By Arun Nair @Nair_39
The month of July has several different meanings. To some, it indicates the true dawn of summer, promising the sunshine that Britons crave, but seem to rarely receive. For others, it provides a tantalising hint of the blissful idleness that comes with the nearing holiday period.
But for football fans, it signals the beginning of the hysterical saga that is the summer transfer window.
Liverpool fans have not had to wait for the window to officially open in order to attempt to whet their transfer appetites. The club have already secured four new players; Kolo Toure, Iago Aspas, Luis Alberto and Simon Mignolet have all signed for the Reds.
However, that doesn’t stop the Anfield faithful continuing to devour the Internet, and social media in particular, trawling through the most arcane of websites, or frantically searching the timelines of the nefarious self-aclaimed ‘ITKs'(In The Know) found on Twitter; all in the hope of discovering a snippet of information, a pearl of wisdom, on Brendan Rodgers’ transfer targets, be it the Shaktar Donetsk midfielder Henrikh Mkhitaryan, or Sporting Lisbon defender Tiago Ilori, or any of the other players linked in any way, shape or form to a move to Anfield, desperate to discover who will be the next star player to carry their hopes and dreams upon red sleeved shoulders.
Rumours, mere rumours of player arrivals are either celebrated like three points or prompt the immediate, and often lasting disconsolation of defeat. Moods alter drastically at any news, heads rest in hands when transfer targets move elsewhere, blame is allocated viciously in this failure. The variety of emotions experienced within 90 minutes of football are replicated desperately, excruciatingly, over an entire summer. Each day is a constant, continuous game, except no winner is guaranteed and pursuit remains.
Good signings correlate with good performances obviously, and that is where the overwhelming desire to do well in the summer stems from. But nothing in football, especially success, is guaranteed.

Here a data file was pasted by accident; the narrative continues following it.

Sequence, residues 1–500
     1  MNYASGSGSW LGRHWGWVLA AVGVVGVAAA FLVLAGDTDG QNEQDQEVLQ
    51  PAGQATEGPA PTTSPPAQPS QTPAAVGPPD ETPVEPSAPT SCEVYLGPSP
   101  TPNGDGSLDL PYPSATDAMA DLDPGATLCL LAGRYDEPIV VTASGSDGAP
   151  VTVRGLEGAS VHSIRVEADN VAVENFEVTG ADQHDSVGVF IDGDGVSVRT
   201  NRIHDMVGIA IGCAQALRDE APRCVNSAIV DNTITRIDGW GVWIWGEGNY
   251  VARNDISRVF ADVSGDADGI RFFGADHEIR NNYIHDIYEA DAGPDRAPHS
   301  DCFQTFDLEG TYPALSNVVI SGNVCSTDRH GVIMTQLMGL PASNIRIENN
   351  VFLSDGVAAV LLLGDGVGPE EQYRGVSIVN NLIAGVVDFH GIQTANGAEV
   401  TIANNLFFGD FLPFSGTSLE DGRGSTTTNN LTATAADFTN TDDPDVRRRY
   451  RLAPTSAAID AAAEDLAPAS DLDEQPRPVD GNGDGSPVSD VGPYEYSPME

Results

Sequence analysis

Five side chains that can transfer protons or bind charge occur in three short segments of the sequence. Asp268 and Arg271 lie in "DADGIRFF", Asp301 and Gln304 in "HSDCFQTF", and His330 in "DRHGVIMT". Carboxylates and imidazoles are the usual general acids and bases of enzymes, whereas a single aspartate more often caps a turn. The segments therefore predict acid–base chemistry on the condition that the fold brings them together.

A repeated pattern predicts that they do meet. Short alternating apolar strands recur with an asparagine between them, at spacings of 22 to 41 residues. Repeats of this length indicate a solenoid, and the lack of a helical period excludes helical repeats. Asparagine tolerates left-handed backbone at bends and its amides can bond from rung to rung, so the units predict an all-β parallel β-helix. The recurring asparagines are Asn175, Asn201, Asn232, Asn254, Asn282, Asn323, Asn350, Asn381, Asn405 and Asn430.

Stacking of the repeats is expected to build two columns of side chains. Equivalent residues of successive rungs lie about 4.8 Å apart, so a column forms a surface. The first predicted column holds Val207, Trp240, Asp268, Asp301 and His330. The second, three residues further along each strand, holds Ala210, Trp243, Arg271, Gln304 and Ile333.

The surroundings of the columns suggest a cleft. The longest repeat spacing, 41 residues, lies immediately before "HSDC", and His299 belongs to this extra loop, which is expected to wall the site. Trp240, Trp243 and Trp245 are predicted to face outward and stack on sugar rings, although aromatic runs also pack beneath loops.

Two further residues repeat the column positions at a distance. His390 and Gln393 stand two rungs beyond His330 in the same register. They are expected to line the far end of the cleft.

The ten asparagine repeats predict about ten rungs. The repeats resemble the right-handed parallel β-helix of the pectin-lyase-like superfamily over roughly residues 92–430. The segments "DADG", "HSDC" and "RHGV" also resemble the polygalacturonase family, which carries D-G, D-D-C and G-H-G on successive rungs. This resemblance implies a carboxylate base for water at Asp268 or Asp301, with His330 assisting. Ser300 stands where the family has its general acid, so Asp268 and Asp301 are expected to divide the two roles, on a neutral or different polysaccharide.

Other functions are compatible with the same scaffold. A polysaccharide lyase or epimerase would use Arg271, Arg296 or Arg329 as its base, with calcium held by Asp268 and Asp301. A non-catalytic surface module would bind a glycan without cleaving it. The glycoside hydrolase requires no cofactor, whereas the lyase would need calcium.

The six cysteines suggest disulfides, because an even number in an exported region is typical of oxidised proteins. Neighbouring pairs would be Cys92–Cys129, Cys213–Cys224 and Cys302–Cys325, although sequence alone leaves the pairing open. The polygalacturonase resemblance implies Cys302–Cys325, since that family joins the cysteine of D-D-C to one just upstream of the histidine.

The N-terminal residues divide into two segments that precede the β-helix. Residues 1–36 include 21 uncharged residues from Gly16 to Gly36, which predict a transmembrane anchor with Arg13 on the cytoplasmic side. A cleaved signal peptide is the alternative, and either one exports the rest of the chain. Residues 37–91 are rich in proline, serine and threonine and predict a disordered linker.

It is thus, that the transfer window can be dangerous. Players can struggle to adapt. Players can struggle to handle the pressure – it is surely at times an unenviable task to carry the weight of the hopes of thousands of Kopites, not to mention a multi-million pound transfer fee. Also, fans should be aware that players can ‘look good’ on YouTube, but looks can so often be deceiving – just ask the fans who touted Oussama Assaidi as some sort of Moroccan Ronaldo-Messi hybrid based on his highlights(‘highlights’ is the key word here, but few acknowledge it) videos.
There is no acknowledgment that these signings have to be coached properly and implemented correctly. There is a refusal to accept that not everything in football works so simply as a good player always makes a team better. When the football finally begins, results are both a by-product of transfer activity and an excuse to discuss, deconstruct, analyse the changes ahead; managers no longer have to tweak tactics, but their transfer strategy too; a player cannot suffer a single poor performance without being potential replacements being immediately suggested, while a transfer ‘flop’ brings a depth of desolation.
Caution is the key. As transfer sagas unfold – from questionable links, to substantial rumours, to the few which actually reach the promised land of official website confirmation – we must not allow it to take its grip on us, or the inevitable elevation of expectation will follow, because with it comes the underlying possibility of failure, that most refuse to even contemplate, until it is too late.